Mounting criticism is being aimed at Governor Mary Fallin for a perceived lack of transparency. A backlog of open records requests at her office is keeping Oklahomans in the dark.
News 9 has experienced its own issues in its attempts to obtain public records in recent months.
A February 2014 News 9 request to the governor's office seeking a list of open records requests and responses had not been answered as of late May 2014.
Fallin staffers told News 9 it could take more than half a year to receive the records. On top of the delays, Fallin is facing additional criticism over being the only Oklahoma governor to claim executive privilege on an open records request.
"The governor's office has a duty to provide records," said OSU journalism professor Joey Senat.
Senat is a leading expert in Oklahoma on state and federal laws pertaining to open records. He teaches media law at Oklahoma State University's Stillwater campus.
Fallin has refused multiple News 9 interview requests concerning the criticism. Spokesperson Alex Weintz said the office handles requests on a first-come, first-served basis.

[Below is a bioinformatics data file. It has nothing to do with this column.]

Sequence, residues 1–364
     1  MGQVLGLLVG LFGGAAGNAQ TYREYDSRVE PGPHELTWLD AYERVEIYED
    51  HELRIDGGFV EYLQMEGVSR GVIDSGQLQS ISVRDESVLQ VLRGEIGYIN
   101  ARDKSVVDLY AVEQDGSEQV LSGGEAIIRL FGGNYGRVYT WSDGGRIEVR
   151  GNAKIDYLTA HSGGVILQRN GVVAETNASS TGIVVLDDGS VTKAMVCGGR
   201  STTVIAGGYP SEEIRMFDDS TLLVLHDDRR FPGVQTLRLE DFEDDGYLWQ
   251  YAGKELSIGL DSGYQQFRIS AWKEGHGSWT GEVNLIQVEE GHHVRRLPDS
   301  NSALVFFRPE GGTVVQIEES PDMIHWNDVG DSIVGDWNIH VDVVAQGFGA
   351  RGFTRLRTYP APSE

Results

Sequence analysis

"We just think that's the only fair way to do it," said Weintz.
It's an inefficient way of doing things, according to Senat. A request that may take thousands of documents and months to answer will hold up a request that could be answered in less than five minutes.
"Some [requests] are very large, some are small," said Weintz. "We'll do all of them in the order we get them."
Instead of making the people's records easy to access, Senat said obtaining them seems to be a constant fight.
Weintz told News 9 Fallin has nothing to hide. He said there are simply more requests now than ever before. A new part-time staffer has been hired to review requests made to Fallin's office.